That's why Sen. Jeff Brandes, R-St. Petersburg, filed a bill for the upcoming legislative session that would reduce the taxes on solar power systems for businesses that install them at their facilities. Solar interests say those taxes have made it difficult for the industry to make a profit and for other businesses to reap the full benefits of solar technology.
"The Sunshine State should be the leader in solar energy," Brandes said in announcing his bill. "This legislation is designed to remove barriers to businesses so that they can enter this growing renewable energy market. Reducing burdensome taxes is a key component to fostering the solar energy market in Florida."
But what the solar industry really wants is to change state law to allow solar producers to sell the power they generate directly to consumers — a policy permitted in at least half the states.
Under the Florida Constitution, only utilities can sell directly to consumers. That means landlords of a shopping mall or even residential landlords who have installed solar panels on the roofs of their properties cannot sell the electricity to their tenants.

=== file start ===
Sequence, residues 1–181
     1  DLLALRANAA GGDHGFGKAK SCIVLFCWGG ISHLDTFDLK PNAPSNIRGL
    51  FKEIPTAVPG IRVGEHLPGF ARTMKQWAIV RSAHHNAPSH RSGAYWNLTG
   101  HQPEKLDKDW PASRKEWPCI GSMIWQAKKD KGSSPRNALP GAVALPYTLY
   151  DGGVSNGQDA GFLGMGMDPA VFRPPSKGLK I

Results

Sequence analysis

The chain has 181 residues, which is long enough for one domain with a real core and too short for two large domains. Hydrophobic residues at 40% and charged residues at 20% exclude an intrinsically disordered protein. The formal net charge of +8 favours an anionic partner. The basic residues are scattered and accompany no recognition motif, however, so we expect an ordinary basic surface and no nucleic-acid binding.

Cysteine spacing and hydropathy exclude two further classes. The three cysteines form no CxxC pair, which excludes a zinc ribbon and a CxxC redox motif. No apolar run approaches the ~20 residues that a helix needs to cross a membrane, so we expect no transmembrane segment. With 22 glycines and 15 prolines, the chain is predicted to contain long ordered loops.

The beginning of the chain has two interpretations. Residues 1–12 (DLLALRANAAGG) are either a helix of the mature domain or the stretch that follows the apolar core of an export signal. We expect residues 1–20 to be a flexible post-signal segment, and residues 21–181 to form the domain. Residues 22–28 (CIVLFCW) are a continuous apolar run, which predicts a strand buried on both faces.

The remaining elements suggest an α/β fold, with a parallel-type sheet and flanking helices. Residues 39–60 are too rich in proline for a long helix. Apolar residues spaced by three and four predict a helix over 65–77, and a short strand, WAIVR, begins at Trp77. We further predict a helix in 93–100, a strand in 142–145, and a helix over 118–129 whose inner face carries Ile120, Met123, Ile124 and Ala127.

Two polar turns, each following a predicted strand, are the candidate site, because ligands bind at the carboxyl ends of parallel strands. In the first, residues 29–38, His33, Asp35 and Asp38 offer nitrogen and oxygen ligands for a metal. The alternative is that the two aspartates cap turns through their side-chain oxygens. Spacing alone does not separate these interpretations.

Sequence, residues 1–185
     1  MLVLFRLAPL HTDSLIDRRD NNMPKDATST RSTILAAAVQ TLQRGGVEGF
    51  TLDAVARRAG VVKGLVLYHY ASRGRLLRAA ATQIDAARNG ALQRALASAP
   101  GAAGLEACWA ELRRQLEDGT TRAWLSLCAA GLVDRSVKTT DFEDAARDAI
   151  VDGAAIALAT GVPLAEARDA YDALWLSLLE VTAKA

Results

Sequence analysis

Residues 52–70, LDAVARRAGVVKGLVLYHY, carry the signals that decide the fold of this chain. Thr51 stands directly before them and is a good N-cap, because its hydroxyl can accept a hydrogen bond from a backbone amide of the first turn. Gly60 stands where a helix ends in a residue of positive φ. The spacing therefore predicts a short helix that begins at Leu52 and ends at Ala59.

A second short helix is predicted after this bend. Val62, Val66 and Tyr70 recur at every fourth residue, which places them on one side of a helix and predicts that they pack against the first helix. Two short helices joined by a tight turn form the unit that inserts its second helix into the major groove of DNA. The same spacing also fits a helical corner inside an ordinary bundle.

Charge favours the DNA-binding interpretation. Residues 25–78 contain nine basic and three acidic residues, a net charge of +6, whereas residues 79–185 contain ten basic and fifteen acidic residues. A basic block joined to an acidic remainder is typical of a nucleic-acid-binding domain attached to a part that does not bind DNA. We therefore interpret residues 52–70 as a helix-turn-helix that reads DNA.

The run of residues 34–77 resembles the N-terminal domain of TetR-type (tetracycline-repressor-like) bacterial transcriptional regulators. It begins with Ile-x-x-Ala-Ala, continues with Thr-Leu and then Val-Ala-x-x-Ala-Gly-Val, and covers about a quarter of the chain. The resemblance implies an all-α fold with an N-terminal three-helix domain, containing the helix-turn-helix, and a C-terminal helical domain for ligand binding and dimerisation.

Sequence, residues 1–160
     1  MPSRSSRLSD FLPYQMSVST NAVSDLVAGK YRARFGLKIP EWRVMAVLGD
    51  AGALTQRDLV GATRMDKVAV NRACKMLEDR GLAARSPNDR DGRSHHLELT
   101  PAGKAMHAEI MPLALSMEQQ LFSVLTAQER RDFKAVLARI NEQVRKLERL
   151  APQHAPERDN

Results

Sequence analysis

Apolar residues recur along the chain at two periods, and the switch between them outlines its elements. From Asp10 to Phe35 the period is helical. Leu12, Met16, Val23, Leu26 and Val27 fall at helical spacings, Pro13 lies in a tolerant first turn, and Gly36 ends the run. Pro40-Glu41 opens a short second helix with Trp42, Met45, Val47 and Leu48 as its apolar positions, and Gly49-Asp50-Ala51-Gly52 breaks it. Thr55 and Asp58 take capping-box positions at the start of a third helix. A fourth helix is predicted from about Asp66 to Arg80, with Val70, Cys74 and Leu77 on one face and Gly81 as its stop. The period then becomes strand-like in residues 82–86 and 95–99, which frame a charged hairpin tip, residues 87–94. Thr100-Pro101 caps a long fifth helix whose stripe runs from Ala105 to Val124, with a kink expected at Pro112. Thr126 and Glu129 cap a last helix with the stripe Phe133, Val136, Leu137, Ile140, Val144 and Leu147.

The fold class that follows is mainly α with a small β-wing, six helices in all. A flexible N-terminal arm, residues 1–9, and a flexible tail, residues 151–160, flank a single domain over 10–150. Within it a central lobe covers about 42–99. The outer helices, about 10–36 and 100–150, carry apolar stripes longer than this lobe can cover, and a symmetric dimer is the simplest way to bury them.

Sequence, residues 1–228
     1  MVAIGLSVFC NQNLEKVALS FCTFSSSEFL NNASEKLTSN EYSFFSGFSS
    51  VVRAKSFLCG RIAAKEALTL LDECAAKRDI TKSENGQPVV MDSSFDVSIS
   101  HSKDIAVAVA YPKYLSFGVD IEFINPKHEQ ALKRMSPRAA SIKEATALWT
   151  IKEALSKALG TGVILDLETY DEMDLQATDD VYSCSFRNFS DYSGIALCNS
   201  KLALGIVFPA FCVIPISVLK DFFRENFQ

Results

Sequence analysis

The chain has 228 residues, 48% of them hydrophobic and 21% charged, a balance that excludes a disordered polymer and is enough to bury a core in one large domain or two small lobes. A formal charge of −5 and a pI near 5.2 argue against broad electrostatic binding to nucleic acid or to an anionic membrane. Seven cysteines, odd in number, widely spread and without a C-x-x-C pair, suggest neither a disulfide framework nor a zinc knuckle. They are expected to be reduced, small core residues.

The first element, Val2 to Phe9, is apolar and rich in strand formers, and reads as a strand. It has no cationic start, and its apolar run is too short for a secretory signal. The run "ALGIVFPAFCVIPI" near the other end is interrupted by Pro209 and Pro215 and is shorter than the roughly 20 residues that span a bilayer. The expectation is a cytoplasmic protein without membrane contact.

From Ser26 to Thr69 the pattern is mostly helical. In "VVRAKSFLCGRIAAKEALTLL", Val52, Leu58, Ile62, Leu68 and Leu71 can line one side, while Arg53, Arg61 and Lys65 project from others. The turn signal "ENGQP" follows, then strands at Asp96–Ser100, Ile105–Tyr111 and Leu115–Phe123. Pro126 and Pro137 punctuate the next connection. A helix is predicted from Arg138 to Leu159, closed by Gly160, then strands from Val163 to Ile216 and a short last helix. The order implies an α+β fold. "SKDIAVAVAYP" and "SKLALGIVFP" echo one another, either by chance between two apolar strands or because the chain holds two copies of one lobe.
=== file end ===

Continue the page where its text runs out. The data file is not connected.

Allowing such sales, solar proponents say, would be a powerful incentive for businesses to install panels atop commercial buildings, over parking lots and on the rooftops of shopping malls.
But changing the law could take revenue away from the power companies, which make money by selling electricity and building more power plants.
An unusual group of tea party and Christian Coalition conservatives have teamed up with libertarians, Democrats and environmentalists to push a petition for the 2016 ballot to amend the Constitution and allow solar producers to sell power.
Debbie Dooley, co-founder of the Atlanta Tea Party and one of the leaders of the effort, said as more people become educated about solar's benefits as a source of "energy freedom," there will be a groundswell of support.
"There's just a lot of disbelief," she said, "that Florida, the Sunshine State, has policies that block the sun."